EM (Durbin & Feher, 1990[link]) and especially AFM are powerful techniques for the investigation of crystallization mechanisms and their associated kinetics. The power of AFM lies in its ability to investigate crystal surfaces in situ, while they are still developing, thus permitting one to visualize directly, over time, the growth and change of a crystal face at near nanometre resolution. The method is particularly useful for delineating the growth mechanisms involved, identifying dislocations, quantifying the kinetics of the changes and directly revealing the effects of impurities on the growth of protein crystals (Durbin & Carlson, 1992[link]; Konnert et al., 1994[link]; Malkin et al., 1996[link]; Nakada et al., 1999[link]). AFM has also been applied to the visualization of growth characteristics of crystals made of RNA (Ng, Kuznetsov et al., 1997[link]) and viruses (Malkin et al., 1995[link]). A typical example, Fig. 4.1.5.1[link], shows two images of the surface of a RNA crystal with spiral growth at low supersaturation and growth by two-dimensional nucleation at higher supersaturation. A noteworthy outcome of the study was the sensitivity of growth to minor temperature changes. A variation of 2–3 °C was observed to be sufficient to transform the growth mechanism from one regime (spiral growth) to another (by dislocation).

[Figure 4.1.5.1]

Figure 4.1.5.1 | top | pdf |

Visualization of the surface of yeast tRNAPhe crystals by AFM. (a) Spiral growth with screw dislocations occurring at lower supersaturation and (b) growth by two-dimensional nucleation occurring at higher supersaturation, showing growth and coalescence of islands and expansions of stacks. Notice that supersaturation and type of growth mechanisms are very temperature-sensitive and are modulated by temperature variation, since in (a), crystals grew at 15 °C and in (b), at 13 °C. Reproduced with permission from Ng, Kuznetsov et al. (1997[link]). Copyright (1997) Oxford University Press.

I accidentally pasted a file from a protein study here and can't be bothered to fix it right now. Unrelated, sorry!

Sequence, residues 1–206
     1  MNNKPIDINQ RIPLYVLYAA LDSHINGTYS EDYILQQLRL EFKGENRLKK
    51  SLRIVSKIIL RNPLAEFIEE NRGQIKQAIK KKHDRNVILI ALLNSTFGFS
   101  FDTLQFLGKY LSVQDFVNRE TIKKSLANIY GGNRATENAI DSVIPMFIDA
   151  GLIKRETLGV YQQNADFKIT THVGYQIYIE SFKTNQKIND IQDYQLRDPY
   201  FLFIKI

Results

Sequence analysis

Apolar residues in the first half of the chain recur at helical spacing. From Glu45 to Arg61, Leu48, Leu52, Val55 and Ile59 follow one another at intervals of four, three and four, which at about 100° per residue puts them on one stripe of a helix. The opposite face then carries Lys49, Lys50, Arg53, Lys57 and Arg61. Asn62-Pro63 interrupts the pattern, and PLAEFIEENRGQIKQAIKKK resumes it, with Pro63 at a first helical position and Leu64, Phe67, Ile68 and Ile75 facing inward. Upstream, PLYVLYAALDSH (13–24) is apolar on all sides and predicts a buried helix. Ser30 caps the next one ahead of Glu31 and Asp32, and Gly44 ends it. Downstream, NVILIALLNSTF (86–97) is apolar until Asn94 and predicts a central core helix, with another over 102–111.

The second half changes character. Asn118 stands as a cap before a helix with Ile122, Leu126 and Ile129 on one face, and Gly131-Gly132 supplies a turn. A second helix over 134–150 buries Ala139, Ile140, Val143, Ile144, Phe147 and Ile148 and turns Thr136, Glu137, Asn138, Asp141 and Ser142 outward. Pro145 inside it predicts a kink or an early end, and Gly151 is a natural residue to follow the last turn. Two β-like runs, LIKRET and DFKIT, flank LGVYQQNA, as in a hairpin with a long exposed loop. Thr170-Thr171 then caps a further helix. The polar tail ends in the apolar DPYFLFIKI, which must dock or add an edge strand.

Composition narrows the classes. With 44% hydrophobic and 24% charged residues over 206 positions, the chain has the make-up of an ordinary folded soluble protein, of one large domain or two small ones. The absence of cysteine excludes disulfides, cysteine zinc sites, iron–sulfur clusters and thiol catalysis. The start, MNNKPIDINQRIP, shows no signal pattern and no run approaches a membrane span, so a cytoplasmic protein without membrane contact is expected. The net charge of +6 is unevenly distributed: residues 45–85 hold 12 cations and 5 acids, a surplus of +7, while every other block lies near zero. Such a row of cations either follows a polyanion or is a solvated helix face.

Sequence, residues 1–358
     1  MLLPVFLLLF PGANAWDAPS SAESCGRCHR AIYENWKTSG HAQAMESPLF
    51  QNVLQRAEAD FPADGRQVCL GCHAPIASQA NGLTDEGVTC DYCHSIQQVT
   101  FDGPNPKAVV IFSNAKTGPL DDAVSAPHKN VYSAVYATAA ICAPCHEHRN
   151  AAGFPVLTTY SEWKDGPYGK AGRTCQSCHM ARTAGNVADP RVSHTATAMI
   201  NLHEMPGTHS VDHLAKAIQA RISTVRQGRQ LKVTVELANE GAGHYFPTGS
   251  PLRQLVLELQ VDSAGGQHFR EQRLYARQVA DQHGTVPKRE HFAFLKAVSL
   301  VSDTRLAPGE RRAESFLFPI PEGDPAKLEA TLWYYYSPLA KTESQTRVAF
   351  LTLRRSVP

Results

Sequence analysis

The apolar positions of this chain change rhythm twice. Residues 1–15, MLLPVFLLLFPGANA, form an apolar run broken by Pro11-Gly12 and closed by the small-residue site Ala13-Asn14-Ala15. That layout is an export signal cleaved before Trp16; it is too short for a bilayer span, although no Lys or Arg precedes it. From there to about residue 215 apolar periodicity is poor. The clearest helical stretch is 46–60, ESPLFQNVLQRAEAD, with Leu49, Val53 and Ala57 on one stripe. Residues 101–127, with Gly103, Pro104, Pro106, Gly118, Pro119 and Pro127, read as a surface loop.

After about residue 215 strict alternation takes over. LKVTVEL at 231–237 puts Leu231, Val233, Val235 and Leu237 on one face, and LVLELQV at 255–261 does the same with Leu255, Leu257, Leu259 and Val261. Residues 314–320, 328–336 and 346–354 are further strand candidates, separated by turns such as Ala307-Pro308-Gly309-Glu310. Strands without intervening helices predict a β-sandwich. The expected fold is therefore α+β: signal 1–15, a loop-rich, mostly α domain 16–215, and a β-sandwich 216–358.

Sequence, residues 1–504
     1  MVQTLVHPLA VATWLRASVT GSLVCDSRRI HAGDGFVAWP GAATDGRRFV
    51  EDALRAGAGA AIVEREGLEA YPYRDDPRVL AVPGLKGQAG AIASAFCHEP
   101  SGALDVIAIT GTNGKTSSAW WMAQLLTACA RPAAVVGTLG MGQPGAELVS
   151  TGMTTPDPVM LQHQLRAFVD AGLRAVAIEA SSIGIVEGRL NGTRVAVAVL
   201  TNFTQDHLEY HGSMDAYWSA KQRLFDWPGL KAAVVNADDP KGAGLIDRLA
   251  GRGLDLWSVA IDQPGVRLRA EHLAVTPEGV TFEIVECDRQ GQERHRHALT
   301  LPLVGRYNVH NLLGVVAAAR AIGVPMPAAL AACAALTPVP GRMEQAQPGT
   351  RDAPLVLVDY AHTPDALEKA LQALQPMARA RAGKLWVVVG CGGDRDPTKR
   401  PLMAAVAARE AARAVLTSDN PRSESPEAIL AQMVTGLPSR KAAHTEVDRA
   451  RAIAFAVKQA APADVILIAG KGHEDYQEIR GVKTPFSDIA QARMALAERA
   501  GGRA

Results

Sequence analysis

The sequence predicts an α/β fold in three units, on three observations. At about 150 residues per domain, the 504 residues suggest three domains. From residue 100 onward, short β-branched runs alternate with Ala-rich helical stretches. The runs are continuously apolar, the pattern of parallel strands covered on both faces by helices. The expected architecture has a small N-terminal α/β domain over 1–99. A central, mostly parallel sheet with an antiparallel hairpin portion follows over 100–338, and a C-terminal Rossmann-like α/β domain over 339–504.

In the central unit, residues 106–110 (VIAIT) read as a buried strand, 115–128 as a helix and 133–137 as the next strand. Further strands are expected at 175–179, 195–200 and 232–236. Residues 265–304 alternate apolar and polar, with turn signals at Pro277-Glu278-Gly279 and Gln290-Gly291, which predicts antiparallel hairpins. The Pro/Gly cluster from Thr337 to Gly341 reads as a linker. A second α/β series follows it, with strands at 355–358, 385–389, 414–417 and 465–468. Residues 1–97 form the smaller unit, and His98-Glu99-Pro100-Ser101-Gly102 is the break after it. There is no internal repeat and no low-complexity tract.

4.1.5.3. Techniques for evaluating crystal perfection

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The ultimate objective of structural biologists is to analyse crystals of high perfection, in other words, with a minimum of disorder and internal stress. The average disorder of the molecules in the lattice is expressed in the resolution limit of diffraction. Wilson plots provide good illustrations of the diffraction quality for protein crystals. Other sources of disorders, such as dislocations and related defects, as well as the mosaic structure of the crystal, may strongly influence the quality of the diffraction data. They are responsible for increases in the diffuse background scatter and a broadening of diffraction intensities. These defects are difficult to monitor with precision, and dedicated techniques and instruments are required for accurate analysis (reviewed by Chayen et al., 1996[link]).

Mosaicity can be defined experimentally by X-ray rocking-width measurements. An overall diagnostic of crystal quality can be obtained by X-ray diffraction topography. Both techniques have been refined with lysozyme as a test case and are being used for comparative analysis of crystals grown under different conditions, both on earth and in microgravity. For lysozyme and thaumatin, improvement of the mosaicity, as revealed by decreased rocking widths measured with synchrotron radiation, was observed for microgravity-grown crystals (Snell et al., 1995[link]; Ng, Lorber et al., 1997[link]).

Illustration of mosaic-block character in a lysozyme crystal was provided by X-ray topography (Fourme et al., 1995[link]). Comparison of earth and microgravity-grown lysozyme crystals showed a high density of defects in the earth-grown control crystals, while in the microgravity-grown crystals several discrete regions were visible (Stojanoff et al., 1996[link]). X-ray topographs have also been used to compare the orthorhombic and tetragonal forms of lysozyme crystals (Izumi et al., 1996[link]), to monitor temperature-controlled growth of tetragonal lysozyme crystals (Stojanoff et al., 1997[link]), to study the effects of solution variations during growth on the perfection of lysozyme crystals (Dobrianov et al., 1998[link]), and to quantify local misalignments in lysozyme crystal lattices (Otalora et al., 1999[link]).